He dedicated his lecture to four mentors: Henry A. Thiede, M.D.; Robert L. Brent, M.D., Ph.D.; William O. Berndt, Ph.D.; and Maurice Panigel, M.D., Ph.D. He also recognized many of his collaborators, as well as the 25 fellows and graduate students he has trained throughout his career.
The IFPA is comprised of four placental research organizations from different regions around the world, including: the Australian and New Zealand Placental Research Association; the European Placenta Group; the Japan Placenta Association; and the Placenta Association of the Americas. Miller was instrumental in the creation of the IFPA, which grew out of the Rochester Trophoblast Conferences created in Rochester by Thiede and Curtis Lund during the early 1960s. In the past 56 years, the IFPA has grown to have a membership of more than 800 clinicians and basic scientists worldwide.
Wednesday, September 28, 2016
Many hospitals are promoting breastfeeding as part of evidence-based care. Yet they also discharge the new family a day or two after delivery. Such a short stay may mean moms are going home brimming more with good intentions than full of confidence and milk.Read More: UR Medicine clinic helps moms, babies to breastfeed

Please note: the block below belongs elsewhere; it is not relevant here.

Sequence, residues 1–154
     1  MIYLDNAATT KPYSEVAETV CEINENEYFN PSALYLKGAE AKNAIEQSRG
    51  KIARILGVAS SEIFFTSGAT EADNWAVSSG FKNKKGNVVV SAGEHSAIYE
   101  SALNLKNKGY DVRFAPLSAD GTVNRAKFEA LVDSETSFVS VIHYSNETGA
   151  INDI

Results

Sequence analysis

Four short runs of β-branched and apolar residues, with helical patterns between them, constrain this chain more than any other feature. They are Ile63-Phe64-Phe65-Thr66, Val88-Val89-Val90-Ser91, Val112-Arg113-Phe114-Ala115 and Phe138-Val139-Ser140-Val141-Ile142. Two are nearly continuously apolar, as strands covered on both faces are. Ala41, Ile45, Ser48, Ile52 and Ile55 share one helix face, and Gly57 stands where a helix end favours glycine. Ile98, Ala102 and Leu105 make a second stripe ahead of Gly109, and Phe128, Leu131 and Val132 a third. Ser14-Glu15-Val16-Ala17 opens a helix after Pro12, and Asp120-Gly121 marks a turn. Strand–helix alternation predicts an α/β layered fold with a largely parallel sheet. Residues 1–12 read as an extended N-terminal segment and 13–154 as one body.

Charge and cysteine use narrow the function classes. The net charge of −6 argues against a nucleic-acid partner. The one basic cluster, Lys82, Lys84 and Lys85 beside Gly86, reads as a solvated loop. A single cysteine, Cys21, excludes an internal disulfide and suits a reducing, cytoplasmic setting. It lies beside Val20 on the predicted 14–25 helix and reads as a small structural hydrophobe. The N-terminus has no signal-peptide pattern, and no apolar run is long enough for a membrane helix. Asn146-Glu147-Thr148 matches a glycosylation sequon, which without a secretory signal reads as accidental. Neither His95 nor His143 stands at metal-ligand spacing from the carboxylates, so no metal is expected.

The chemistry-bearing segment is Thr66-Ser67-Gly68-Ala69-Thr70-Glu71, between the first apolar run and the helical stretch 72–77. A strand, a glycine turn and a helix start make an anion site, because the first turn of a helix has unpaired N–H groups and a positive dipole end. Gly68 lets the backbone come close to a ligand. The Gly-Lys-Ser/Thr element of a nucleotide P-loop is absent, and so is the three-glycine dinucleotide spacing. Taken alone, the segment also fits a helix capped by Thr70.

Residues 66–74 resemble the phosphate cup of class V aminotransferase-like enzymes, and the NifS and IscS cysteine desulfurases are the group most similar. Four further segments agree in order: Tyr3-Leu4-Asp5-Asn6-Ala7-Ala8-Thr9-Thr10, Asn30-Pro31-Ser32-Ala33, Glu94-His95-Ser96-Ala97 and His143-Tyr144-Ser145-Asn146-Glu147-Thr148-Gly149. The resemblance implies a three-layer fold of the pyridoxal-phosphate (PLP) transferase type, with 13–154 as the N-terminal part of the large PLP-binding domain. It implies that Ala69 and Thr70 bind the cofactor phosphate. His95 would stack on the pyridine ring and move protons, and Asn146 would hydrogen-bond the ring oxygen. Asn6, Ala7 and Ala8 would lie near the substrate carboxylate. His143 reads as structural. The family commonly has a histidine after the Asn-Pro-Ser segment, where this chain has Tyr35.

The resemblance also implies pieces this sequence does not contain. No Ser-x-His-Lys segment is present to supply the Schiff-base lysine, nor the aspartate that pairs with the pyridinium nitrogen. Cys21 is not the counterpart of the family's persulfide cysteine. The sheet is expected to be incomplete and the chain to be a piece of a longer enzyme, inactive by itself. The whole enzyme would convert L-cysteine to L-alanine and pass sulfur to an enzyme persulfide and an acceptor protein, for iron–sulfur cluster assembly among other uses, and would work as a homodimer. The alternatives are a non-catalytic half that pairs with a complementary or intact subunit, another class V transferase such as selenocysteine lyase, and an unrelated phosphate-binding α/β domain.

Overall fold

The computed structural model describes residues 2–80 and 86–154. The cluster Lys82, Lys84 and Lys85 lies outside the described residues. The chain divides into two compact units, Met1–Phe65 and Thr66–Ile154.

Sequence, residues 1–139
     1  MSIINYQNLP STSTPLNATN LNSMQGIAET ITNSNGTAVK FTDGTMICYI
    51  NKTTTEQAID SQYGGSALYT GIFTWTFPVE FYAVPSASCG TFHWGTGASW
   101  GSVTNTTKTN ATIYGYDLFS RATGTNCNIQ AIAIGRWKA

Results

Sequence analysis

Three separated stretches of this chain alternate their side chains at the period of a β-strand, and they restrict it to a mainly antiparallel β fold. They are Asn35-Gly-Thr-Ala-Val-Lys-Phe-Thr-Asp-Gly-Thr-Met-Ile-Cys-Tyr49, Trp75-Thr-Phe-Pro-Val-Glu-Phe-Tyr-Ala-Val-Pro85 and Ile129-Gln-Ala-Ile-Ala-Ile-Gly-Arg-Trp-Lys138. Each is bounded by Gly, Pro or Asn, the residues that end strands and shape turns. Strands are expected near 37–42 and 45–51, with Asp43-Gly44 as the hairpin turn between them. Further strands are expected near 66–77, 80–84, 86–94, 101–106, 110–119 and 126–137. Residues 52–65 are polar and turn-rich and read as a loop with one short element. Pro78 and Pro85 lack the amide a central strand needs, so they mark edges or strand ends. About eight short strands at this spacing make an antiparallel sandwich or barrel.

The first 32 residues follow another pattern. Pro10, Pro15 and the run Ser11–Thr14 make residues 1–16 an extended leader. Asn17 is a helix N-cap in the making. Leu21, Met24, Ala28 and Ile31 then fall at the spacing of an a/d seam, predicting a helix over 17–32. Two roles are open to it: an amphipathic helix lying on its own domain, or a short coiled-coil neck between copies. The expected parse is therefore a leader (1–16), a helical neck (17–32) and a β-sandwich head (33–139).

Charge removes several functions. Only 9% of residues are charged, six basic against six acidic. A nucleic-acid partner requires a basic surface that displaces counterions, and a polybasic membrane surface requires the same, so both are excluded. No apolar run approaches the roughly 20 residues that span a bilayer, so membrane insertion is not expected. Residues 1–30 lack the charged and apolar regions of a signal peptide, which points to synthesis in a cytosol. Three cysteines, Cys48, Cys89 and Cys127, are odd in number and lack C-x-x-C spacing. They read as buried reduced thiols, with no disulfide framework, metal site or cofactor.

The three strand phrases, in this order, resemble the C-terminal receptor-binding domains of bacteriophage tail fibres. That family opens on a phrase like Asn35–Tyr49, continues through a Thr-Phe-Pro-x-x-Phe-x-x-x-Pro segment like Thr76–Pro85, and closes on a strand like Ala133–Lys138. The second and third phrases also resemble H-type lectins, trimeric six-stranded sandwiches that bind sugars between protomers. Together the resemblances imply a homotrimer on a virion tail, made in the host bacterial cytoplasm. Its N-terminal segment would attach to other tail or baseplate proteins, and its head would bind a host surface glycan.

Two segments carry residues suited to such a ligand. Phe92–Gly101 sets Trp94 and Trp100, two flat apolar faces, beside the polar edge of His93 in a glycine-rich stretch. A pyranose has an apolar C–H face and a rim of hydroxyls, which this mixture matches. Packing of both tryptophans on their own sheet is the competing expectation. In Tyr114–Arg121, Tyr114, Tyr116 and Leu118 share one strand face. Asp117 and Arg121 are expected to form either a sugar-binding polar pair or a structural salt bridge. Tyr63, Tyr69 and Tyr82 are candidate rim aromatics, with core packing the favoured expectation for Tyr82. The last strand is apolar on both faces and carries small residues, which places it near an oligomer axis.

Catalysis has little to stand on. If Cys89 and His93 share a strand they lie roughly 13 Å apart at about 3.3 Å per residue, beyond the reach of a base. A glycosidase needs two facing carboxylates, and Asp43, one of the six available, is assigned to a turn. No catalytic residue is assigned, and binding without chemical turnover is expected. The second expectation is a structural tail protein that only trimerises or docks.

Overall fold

Wednesday, September 14, 2016
PeriFACTS OB/GYN Academy is celebrating its 25th anniversary this month. On September 16, 1991, periFACTS sent its first transmission via fax machine to a local hospital. Since then the program, educational offerings, and subscribers have grown and are now accessed by more than 11,000 nurses, doctors, and students locally, across the United States, and abroad. Read More: URMC’s periFACTS OB/GYN Academy Celebrates 25th Anniversary
Richard K. Miller, Ph.D., Receives Agnish Fellowship
Tuesday, June 21, 2016
Richard K. Miller, Ph.D., professor of Obstetrics and Gynecology, Environmental Medicine and Pathology and Laboratory Medicine will receive the Agnish Fellowship at the Teratology Society’s 56th Annual Meeting held June 25 to 29 in San Antonio. The Teratology Society is an international professional group of nearly 700 scientists conducting research related to birth defects and the Agnish Fellowship is awarded each year to a long-standing member who has made a major contribution to education in the field.
Miller has dedicated his career to the study of pregnancy and exposures that could potentially cause harm. His laboratory focuses on how viruses, metals, antiretroviral therapy, vitamins, nanoparticles and hyperthermia affect typical fetal development. He has trained more than 25 fellows and graduate students and served as scientific director of the NIH-sponsored Women's Reproductive Health Research Scholars Program to train ob/gyns as clinical scientists at the University of Rochester from 1999 to 2010.